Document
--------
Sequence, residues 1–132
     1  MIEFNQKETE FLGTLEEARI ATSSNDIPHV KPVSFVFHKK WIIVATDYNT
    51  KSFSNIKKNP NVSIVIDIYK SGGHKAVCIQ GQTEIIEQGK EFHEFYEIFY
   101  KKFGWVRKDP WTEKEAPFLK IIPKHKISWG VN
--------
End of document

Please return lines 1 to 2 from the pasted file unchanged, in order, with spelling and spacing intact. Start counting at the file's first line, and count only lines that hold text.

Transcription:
Sequence, residues 1–132
     1  MIEFNQKETE FLGTLEEARI ATSSNDIPHV KPVSFVFHKK WIIVATDYNT